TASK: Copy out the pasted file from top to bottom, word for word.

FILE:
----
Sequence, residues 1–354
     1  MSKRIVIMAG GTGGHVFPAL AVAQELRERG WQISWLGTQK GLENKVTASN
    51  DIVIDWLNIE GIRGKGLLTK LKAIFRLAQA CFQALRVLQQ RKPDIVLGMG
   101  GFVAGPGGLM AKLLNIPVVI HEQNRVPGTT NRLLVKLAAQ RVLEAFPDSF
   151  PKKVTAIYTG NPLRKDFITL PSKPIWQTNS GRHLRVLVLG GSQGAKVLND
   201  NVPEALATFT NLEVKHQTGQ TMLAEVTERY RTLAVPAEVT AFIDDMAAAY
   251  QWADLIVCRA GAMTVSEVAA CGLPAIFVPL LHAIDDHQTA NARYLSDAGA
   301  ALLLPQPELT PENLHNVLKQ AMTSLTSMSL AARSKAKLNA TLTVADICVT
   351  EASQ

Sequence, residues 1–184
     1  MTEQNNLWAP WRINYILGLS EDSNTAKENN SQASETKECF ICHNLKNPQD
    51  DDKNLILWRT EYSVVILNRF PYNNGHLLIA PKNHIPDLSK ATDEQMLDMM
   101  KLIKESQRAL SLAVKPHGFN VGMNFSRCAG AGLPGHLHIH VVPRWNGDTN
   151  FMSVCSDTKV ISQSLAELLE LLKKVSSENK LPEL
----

Sequence, residues 1–354
     1  MSKRIVIMAG GTGGHVFPAL AVAQELRERG WQISWLGTQK GLENKVTASN
    51  DIVIDWLNIE GIRGKGLLTK LKAIFRLAQA CFQALRVLQQ RKPDIVLGMG
   101  GFVAGPGGLM AKLLNIPVVI HEQNRVPGTT NRLLVKLAAQ RVLEAFPDSF
   151  PKKVTAIYTG NPLRKDFITL PSKPIWQTNS GRHLRVLVLG GSQGAKVLND
   201  NVPEALATFT NLEVKHQTGQ TMLAEVTERY RTLAVPAEVT AFIDDMAAAY
   251  QWADLIVCRA GAMTVSEVAA CGLPAIFVPL LHAIDDHQTA NARYLSDAGA
   301  ALLLPQPELT PENLHNVLKQ AMTSLTSMSL AARSKAKLNA TLTVADICVT
   351  EASQ

Sequence, residues 1–184
     1  MTEQNNLWAP WRINYILGLS EDSNTAKENN SQASETKECF ICHNLKNPQD
    51  DDKNLILWRT EYSVVILNRF PYNNGHLLIA PKNHIPDLSK ATDEQMLDMM
   101  KLIKESQRAL SLAVKPHGFN VGMNFSRCAG AGLPGHLHIH VVPRWNGDTN
   151  FMSVCSDTKV ISQSLAELLE LLKKVSSENK LPEL